I may say here that in 1848 at an Abolition meeting in the Tabernacle, where Mr. George H. Evans had been given opportunity to speak on the land monopoly issue Mr. Philips had treated him in much the same way as Mr. Douglass did me, as stated in Chapter VII. Mr. Evans did not live to see Mr. Philips come to his position on the land question, as I lived to see Mr. Douglass come to mine; but he came to it quite as soon.

But with the limits permitted to this volume I am unable to notice many who have sympathized with me or who have opposed me in my advocacy of the “Use and Occupancy” title to land. The most direct way of attaining this desired condition has seemed to be the abrogation of all laws for the collection of rent. The same might be found necessary as to interest, or even profit, where the increase could not be shown to arise from some service rendered by the claimant.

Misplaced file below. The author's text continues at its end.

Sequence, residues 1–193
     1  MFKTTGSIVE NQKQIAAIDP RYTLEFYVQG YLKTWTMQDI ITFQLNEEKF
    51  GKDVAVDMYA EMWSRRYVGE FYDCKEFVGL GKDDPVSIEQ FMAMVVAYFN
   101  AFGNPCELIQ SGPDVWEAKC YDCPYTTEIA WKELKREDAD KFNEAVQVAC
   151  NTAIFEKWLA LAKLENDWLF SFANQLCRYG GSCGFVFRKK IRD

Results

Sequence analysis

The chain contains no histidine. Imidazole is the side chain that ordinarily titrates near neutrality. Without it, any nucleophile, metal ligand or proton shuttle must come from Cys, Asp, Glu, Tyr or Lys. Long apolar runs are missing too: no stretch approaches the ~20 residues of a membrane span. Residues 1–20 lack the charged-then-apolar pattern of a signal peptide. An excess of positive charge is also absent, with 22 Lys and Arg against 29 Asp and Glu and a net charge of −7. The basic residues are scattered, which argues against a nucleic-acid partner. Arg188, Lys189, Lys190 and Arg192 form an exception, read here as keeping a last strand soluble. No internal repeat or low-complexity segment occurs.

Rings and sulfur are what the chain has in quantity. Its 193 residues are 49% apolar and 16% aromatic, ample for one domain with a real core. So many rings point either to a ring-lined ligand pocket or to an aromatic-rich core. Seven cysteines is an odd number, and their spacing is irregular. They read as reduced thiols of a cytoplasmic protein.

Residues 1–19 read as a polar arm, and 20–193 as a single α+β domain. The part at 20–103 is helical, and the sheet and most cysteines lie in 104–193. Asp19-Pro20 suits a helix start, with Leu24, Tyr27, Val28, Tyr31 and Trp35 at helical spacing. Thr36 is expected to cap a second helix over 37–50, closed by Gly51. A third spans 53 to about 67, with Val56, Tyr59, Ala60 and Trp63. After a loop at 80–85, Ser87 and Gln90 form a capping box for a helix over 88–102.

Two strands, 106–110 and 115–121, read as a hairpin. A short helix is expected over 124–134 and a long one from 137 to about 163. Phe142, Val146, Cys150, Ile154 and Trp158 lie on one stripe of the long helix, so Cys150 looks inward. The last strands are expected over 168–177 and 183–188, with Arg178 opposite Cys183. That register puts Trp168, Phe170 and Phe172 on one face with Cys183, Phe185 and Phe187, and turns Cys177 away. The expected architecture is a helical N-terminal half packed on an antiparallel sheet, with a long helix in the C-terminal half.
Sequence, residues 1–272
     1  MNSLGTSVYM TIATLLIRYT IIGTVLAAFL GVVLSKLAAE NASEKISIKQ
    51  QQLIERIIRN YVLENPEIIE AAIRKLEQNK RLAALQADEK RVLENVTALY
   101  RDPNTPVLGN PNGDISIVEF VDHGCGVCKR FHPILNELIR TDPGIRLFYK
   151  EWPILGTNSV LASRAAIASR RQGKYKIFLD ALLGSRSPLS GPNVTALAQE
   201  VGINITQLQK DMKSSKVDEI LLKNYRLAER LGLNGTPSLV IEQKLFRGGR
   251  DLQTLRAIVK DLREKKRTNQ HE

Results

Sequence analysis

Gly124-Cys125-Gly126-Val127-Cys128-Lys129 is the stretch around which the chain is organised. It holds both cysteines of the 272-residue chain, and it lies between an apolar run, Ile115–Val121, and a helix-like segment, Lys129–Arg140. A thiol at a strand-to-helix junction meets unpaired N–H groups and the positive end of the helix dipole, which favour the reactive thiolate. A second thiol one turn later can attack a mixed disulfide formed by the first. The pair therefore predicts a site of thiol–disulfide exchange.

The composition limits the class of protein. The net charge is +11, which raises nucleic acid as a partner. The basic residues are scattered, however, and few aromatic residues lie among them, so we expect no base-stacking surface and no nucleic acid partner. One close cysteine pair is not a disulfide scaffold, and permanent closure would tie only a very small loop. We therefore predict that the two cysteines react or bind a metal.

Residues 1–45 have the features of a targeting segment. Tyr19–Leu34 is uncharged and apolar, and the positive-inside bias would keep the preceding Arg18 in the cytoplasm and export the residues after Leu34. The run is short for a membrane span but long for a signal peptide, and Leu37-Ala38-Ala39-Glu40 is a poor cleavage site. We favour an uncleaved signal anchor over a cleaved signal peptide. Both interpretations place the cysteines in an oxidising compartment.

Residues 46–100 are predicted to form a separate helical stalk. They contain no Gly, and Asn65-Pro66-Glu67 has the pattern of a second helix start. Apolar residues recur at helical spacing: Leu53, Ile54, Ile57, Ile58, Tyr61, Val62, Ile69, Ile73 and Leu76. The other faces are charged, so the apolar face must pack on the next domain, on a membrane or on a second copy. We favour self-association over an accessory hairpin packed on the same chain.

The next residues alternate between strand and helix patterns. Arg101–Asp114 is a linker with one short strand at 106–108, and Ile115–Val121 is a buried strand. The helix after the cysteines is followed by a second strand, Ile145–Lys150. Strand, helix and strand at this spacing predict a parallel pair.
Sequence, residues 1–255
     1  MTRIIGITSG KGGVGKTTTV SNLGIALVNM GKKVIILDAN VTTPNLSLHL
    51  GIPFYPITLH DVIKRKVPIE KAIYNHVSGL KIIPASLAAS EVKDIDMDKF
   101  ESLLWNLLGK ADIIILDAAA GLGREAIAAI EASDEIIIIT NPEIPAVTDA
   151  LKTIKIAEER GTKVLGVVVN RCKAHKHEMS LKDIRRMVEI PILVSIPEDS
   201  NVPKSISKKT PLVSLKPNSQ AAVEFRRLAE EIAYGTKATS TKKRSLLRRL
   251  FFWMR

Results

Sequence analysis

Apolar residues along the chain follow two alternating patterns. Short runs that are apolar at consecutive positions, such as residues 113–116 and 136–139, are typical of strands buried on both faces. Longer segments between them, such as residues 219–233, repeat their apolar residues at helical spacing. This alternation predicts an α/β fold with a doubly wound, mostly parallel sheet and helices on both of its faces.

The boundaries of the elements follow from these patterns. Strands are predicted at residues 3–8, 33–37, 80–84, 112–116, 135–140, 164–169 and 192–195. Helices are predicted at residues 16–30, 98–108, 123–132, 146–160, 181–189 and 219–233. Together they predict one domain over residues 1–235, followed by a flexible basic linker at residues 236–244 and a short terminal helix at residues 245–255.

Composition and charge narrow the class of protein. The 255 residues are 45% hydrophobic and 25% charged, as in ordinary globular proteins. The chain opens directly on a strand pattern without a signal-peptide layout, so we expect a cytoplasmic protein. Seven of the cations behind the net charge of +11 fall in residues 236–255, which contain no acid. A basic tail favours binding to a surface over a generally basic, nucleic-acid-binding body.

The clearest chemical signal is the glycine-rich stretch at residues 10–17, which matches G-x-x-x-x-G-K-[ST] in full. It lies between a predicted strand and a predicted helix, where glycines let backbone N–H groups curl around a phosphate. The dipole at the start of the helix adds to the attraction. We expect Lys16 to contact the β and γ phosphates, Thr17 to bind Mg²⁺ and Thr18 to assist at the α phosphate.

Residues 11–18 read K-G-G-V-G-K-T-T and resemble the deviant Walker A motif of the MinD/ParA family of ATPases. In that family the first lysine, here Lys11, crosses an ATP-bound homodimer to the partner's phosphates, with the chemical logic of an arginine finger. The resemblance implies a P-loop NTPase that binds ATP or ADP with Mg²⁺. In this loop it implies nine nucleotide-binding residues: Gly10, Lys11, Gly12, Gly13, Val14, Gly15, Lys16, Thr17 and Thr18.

I have had little to say about Trades Unions, not because I do not sympathize with the workingman; but because their organization is militant and only an antagonistic force.

Of course there can be no organization of industry, where the prime base is in the hands of private or corporate monopoly. To organize labor therefore is only intended to wage war on a field where all the material advantage is on the side of the monopolist. It can only be justified on the ground of absolute necessity.